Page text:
Friday, March 26, 2010

Database Specification FAIL

I just booked a flight with a company that until today I considered a major Canadian airline. Their online booking system has changed slightly since they switched to SABRE and now they have input constraints that I hope would result in serious marks being docked in an elementary programming course. The company serves all regions of Canada and also offers international flights. But they come up with this:

Please spell your first and last names as they are on your government issued photo ID that you use for check-in. For example if your name is on your passport as Thomas Jones, please enter it as Thomas Jones, and not Tom Jones. Information entered into the name, address, password and cardholder name fields must be entered without special characters. Special characters such as apostrophes, hyphens, periods, symbols or accents (e.g. ^ à é # ) are not accepted in these fields by our system. (e.g. Enter Stéphanie Ducharme-L'Heureux as Stephanie Ducharme LHeureux, St. John's as St Johns, and Apt. # 123 as Apt 123).

I find that unprofessional to the point of insulting. If the purpose of the data is to collect the customer's name and home town, then collect that, not some garbled bastardization thereof. If the purpose is to compare the data with a straight ASCII database, then it is the duty of the programmer to strip or convert unwanted characters. I fly airplanes for a living and I think I could write a function that cleanly replaced accented characters with their unaccented equivalents and removed other special characters from a line of input, in not much more time than it would take me to write and format the dialogue telling the user to. But I'd be more likely to work a little harder to allow my database to spell my customers' names correctly. Asking a person to corrupt her own name for the purpose of buying an airline ticket is requiring a person to lie about her identity and herself. If an airline can't hire a programming staff that can deal with the concept of special characters, it makes me wonder if they can hack the complexities of time zones and confidential information. This would make me laugh if it didn't disgust me.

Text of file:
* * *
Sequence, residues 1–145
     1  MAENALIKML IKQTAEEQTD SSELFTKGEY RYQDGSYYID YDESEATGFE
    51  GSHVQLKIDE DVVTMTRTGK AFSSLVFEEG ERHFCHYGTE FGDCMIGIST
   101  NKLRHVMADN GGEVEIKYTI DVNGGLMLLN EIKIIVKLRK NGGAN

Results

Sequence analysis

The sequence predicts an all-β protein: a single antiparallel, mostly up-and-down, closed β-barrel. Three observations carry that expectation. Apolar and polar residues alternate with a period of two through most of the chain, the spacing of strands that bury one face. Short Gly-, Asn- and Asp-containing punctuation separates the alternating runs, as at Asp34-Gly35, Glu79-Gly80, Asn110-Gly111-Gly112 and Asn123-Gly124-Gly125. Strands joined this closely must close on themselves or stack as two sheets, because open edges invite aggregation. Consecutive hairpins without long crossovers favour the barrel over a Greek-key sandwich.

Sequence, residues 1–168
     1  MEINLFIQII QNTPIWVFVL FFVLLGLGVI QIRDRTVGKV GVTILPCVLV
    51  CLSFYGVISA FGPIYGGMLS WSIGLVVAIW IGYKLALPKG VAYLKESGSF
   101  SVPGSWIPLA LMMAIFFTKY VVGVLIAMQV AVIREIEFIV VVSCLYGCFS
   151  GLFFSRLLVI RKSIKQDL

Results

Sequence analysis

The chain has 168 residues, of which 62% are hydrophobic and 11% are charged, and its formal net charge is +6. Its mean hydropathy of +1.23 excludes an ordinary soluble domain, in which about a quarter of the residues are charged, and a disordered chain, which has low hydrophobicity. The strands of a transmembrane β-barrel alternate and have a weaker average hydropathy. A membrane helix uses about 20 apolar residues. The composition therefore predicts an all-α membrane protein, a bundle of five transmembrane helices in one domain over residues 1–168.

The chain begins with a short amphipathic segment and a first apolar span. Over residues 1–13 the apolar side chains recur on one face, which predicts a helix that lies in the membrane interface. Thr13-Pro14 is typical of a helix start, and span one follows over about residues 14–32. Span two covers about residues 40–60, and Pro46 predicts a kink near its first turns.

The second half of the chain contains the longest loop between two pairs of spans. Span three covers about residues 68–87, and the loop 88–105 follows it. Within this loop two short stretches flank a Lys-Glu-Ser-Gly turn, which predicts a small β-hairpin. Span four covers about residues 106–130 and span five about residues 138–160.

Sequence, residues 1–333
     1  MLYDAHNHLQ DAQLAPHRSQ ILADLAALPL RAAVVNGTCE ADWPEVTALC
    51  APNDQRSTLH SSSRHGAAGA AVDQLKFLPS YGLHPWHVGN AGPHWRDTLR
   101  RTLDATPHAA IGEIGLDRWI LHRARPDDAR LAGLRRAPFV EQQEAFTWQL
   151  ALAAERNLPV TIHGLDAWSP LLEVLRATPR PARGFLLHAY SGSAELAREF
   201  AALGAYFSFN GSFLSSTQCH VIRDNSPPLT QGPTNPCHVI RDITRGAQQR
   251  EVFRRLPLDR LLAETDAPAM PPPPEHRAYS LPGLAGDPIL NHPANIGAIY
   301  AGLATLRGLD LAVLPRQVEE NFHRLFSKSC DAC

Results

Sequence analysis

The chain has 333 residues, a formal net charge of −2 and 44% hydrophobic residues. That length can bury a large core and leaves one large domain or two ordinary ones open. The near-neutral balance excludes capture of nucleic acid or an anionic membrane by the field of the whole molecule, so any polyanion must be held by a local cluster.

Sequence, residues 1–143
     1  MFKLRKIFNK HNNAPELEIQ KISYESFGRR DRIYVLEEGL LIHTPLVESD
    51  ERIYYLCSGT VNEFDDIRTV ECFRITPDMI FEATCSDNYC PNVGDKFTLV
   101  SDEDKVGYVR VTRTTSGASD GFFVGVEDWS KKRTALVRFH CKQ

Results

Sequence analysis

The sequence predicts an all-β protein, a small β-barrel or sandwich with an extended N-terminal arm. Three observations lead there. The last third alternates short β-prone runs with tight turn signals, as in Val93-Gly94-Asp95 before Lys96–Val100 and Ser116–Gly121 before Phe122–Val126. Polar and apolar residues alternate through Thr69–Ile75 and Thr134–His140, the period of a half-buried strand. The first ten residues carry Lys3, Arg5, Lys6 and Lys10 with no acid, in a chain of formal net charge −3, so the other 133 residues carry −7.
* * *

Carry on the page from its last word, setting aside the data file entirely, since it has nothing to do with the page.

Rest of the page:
Update: I wrote them an e-mail to tell them that myself and I promptly received an autoreply beginning ...

Dear Guest,

If your issue is of an urgent nature (you’re traveling within the next 72 hours and/or needing a change or cancellation to an existing booking), please contact the Sales Super Center at 1 888 WestJet (937 8538).

That's right, travelling is misspelled and there are nine spurious characters replacing the apostrophe in you're. If you work at Westjet in Calgary, do me a favour. Find the person responsible for approving that garbage and slap them upside the head for me.

21 comments:

Geoff Arnold said...

Yet another example of the mindless behemoth of US-centric software stomping all over the English-speaking world. You realize, of course, that "traveling" is the correct spelling south of the border.